With huge corporations like the NFL, Coca-Cola, Delta, and Home Depot also taking a stand, according to The Daily Beast, it only made sense that Hollywood took up the cause as well. Even those behind major franchises have joined in; as Deadline reports, Lionsgate, which has filmed all four installments of The Hunger Games series in or around Atlanta, released a statement that urged the Governor to veto the bill and said that if it were to be passed, the studio might no longer be able to "offer our employees and talent there a working environment consistent with our policies and values."
Clearly, if the bill is passed, it'll have massive repercussions, including with ongoing projects. Guardians of the Galaxy 2, for instance, is currently shooting right outside of Atlanta in Pinewood studios, but Disney/Marvel's hard-line stance could potentially halt proceedings. But it's not just Georgia's productions that might cause issues; should the following other states pass or continue discriminatory legislation, the film industry could be boycotting more than just the Peach State.
Indiana's "Religious Freedom Restoration Act," which, The Huffington Post reports, allows business owners to refuse to serve LGBT customers according to their faith, has caused major controversy since its passing in 2015. Celebrities including Miley Cyrus, Ashton Kutcher, Ellen DeGeneres, Debra Messing, Bette Midler, Susan Sarandon, James Van Der Beek, and MC Hammer all tweeted about their disappointment in the state, and many hve called for a boycott. Said Broadway star Audra McDonald,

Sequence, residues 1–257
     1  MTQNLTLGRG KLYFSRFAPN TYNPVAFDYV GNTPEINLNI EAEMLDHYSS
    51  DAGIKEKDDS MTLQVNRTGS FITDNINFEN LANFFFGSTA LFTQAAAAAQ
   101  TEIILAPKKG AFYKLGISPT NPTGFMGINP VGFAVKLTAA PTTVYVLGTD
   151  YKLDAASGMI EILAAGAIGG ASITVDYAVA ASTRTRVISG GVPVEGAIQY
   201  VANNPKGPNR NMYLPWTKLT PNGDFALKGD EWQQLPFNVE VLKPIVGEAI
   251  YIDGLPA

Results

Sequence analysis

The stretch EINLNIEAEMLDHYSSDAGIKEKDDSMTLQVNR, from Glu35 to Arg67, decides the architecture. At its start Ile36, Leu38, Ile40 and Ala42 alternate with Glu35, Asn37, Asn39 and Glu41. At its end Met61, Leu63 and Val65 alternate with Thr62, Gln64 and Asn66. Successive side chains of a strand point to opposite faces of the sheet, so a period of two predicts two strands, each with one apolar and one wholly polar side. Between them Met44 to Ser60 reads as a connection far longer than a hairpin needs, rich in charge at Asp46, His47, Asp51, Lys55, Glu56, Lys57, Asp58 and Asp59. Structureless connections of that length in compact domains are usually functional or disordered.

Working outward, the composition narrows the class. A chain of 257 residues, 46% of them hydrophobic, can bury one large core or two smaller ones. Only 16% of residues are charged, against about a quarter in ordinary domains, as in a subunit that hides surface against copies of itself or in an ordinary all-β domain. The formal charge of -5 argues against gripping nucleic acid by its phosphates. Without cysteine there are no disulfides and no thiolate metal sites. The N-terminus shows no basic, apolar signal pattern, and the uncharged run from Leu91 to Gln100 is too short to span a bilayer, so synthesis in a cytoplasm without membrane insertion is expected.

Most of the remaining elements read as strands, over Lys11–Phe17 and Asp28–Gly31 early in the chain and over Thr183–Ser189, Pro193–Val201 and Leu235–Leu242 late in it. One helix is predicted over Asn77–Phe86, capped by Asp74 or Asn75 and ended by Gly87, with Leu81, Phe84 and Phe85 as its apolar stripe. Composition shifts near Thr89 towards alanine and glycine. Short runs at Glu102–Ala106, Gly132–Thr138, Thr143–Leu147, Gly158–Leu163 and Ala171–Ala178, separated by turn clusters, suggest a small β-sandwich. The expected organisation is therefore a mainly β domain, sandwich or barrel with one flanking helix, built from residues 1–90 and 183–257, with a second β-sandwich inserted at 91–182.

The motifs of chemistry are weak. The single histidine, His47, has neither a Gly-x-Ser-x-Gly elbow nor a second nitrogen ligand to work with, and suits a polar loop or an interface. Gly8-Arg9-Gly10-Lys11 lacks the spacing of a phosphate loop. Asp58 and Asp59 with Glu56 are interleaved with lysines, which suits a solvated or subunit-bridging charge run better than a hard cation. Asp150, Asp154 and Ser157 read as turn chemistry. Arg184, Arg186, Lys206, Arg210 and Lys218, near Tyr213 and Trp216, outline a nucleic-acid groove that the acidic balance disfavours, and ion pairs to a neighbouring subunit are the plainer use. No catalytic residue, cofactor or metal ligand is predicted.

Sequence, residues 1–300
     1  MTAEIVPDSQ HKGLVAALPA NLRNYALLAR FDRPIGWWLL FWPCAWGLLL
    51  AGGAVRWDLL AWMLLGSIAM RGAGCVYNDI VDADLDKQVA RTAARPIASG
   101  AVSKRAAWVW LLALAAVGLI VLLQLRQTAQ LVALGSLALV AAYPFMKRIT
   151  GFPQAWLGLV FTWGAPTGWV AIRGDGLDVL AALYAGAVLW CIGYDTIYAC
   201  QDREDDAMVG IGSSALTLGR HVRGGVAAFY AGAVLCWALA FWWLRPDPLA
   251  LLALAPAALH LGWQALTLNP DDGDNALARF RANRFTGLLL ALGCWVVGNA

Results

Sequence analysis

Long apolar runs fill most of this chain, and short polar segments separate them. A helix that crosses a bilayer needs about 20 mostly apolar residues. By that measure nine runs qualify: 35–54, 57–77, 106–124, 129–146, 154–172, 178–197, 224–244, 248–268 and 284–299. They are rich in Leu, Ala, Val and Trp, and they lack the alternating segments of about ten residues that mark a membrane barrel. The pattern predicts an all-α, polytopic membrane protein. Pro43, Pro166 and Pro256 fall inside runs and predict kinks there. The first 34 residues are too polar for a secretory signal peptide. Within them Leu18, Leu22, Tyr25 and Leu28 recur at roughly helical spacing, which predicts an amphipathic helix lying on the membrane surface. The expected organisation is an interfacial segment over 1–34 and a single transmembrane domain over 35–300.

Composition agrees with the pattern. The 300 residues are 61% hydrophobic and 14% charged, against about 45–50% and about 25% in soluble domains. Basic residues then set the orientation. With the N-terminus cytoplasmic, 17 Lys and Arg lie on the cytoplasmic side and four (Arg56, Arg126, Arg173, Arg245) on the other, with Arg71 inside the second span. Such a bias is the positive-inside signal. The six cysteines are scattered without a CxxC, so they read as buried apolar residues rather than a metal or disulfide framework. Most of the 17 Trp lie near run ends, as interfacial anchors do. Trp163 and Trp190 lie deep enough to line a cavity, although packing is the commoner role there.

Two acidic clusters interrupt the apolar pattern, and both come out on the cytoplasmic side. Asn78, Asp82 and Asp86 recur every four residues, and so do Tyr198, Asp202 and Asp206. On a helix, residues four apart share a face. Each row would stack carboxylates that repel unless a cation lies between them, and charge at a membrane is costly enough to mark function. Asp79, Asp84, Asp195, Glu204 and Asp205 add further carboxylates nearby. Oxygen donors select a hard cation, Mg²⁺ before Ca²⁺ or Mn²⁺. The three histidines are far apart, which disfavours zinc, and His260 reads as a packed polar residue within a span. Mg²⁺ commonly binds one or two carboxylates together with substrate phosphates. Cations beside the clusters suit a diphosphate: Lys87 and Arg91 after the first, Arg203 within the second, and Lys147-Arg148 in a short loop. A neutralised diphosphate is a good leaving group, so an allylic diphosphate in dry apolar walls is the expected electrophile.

There are a number of upcoming productions in the works in Indiana, but with much so celebrity-backed criticism of the law, it wouldn't be a surprise if studios avoided the state for productions when possible.
When Governor Bobby Jindal signed an executive order allowing businesses to refuse service to LGBT patrons based on their religious beliefs, some of those involved in the state's film production shared their disappointment. "For those of us in the creative industries... this bill creates a significant challenge," said Lampton Enochs, CEO of Moonbot Studios, a film animation company in one of Louisiana’s main movie hubs, according to the IB Times. "We're competing with companies in L.A., San Francisco, and New York. I think a bill like this would make it difficult to recruit out-of-state talent."